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What Is Business And Partnership Planning?

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Partnerships. They are supposed to make a business stronger and expand faster. However, if a business falls on hard times, some partnerships can end up falling apart under pressure.

Not many business partnerships survive in general. About 80% of those partnerships end up failing.

One reason those business partnerships failed is that they lacked partnership planning. This means that the partners did not lay out clear ground rules for what each person was going to provide and did not have a plan of attack in case things went wrong.

So, what business plan is most effective for this situation? How do you ensure that your partnership does not end up like the 80% that fail?

This is your guide.

Know What Your Partner Offers

The first thing that you need to figure out is what each partner brings to the table. You could have one partner that is exceptional with numbers and knows how to run an accounting book like the back of their hand.

Then, you might have another partner that knows how to manage and communicate with people better than others. This might be the person that you want to talk to employees or high-priority clients.

One of the most important investors of all could be an angel investor. This would be considered the partner that is giving the original owner a large amount of money to expand their business quickly. However, that partner may only be offering the money and nothing more to contribute to the business.

You need to go over these terms in advance of forming a new partnership with someone for your business. This will help you avoid disagreements with your new partner because you will have clearly communicated what each of you is responsible for before the partnership was agreed upon.

It can also help partners decide what each of them will be responsible for if something was not thought of in advance.

Decide How to Handle Disagreements 

With more than one partner owning a company, there may come times when those partners disagree about an issue within the company. This can lead to heated arguments and even controversy if there is not a plan of attack on how to handle these types of disagreements.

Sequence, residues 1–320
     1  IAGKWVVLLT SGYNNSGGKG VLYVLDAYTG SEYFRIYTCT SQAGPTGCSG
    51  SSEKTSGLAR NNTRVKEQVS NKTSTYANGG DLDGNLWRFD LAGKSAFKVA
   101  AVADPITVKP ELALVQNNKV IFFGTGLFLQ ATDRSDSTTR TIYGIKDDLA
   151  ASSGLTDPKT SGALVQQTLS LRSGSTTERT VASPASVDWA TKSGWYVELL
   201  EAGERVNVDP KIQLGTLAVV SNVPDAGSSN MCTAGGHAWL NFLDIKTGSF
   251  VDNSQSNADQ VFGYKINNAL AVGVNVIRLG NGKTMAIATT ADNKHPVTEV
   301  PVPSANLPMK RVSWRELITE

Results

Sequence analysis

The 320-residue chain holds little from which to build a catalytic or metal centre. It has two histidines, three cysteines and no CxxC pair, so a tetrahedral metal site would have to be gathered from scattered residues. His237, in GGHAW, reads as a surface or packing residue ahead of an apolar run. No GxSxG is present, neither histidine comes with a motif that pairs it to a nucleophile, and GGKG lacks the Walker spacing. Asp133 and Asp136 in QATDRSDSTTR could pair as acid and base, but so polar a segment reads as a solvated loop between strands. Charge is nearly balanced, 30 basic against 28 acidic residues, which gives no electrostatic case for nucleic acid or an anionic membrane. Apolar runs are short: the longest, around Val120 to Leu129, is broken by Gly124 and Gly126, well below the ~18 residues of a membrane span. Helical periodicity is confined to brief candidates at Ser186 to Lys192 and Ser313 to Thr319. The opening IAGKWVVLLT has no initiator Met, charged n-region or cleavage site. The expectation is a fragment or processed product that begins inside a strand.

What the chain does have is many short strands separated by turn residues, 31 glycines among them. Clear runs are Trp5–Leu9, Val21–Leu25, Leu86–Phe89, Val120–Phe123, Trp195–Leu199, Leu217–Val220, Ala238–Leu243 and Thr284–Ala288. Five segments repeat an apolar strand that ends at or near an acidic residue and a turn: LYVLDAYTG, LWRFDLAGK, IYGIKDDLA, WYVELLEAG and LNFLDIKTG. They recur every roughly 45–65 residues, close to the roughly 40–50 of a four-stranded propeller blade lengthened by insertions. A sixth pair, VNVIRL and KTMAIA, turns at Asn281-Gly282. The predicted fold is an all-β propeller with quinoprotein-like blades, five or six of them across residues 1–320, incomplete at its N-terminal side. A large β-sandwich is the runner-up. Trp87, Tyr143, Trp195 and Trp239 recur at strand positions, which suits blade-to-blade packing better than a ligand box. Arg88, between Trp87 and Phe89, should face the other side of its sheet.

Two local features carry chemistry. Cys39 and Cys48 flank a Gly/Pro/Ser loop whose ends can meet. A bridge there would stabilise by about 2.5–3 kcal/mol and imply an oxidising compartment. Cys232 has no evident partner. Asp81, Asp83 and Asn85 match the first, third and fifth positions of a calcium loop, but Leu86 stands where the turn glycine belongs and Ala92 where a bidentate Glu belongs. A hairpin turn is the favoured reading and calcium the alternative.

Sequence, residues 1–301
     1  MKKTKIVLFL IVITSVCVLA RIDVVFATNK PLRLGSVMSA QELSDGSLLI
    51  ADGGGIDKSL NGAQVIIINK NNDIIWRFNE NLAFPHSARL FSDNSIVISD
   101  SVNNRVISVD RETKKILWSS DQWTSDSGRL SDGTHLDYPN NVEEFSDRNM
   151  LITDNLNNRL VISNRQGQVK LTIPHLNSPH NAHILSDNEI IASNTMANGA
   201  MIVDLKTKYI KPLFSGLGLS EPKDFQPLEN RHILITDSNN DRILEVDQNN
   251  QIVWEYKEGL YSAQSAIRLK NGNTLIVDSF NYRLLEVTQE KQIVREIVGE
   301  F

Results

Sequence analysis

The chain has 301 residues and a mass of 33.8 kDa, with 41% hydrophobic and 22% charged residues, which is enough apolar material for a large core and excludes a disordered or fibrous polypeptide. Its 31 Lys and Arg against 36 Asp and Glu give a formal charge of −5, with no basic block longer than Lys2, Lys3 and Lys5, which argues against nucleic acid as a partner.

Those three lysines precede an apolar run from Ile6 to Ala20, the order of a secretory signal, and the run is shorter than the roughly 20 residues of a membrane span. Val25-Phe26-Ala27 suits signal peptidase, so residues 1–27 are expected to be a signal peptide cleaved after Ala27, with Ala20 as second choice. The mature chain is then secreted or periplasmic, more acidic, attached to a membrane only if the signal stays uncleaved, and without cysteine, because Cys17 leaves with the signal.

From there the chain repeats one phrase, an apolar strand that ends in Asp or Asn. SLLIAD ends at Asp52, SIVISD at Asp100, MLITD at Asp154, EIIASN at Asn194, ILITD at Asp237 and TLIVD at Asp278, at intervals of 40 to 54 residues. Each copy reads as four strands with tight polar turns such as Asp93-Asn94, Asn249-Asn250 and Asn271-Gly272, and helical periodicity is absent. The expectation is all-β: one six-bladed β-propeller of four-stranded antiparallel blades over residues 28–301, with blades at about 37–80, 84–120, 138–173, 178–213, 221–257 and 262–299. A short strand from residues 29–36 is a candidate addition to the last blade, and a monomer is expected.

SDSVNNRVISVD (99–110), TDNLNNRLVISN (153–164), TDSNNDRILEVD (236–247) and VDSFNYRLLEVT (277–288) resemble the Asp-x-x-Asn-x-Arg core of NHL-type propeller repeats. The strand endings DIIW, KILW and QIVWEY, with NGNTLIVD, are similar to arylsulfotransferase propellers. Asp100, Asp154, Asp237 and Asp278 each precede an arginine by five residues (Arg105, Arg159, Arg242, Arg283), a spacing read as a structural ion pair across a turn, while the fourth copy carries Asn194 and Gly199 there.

For example, if someone is a majority owner, they may put in a partnership plan that they are going to have the final say over every aspect of the business. However, not all partners may agree on that, especially if there are more than two partners involved.

If there are an odd number of partners that have ownership in the company, one easy solution to this could be to put every major decision for the company up for a democratic vote. This would make solving these issues simple and give every partner an equal stake in the business.

In a majority owner scenario, one solution that could be possible is to have that power vetoed if all of the other minority owners agree. For example, if one partner is the majority owner and there are three other partners with a smaller percentage, they could create a clause where if all three other partners vote on something together, they can overrule the majority owner.

Have a Distribution Plan 

One of the most important aspects of a signed contract for a business partner is to know when they will start seeing a return on their investment. This can be a fair question, as some angel investors in particular put up large amounts of money to help businesses get started.

The average time that an angel investor usually expects to get their money back plus interest is about 5-7 years. That means that if you are the owner that is trying to convince someone else to become a partner in your business, you need to have profit projections for at least the next five years.

Distribution Plans for Partnerships

This will require you to have a solid business plan that a potential partner can get behind. Once you have this and the profit projections you expect to have each year, you can explain where a partner’s money is going and how you plan on using that money to make more profit.

After that, you have to discuss the distribution of profits to the partners. Make it clear how long they have to wait for their first payment, how much they are going to get at once, and how long it will take for them to get their initial investment back.

Once you do that, put it all in writing to hold both parties accountable.

Review Terms With a Professional

Finally, make sure you have a legal professional that works in business law to sit down and go over the terms and clauses that you need to have covered in this type of partnership. A business lawyer can help you form an appropriate contract while protecting your own skin.

Lawyers in this situation are not only good for forming formal contracts but you can also use their legal counsel. They have likely worked with many partnership contracts before, so they can give you a better idea of what is fair to ask on both sides and what you should be asking for.

Hire a Lawyer for Partnership Planning 

These are just a few of the things that you need to prepare in advance before forming a formal partnership. Make sure you know who you are getting into business with, how you will handle disagreements, and develop a plan on when investments will be returned.

Then, sit down and find the right lawyer for your partnership planning process. Are you ready to get started? Call us today to come up with a plan.

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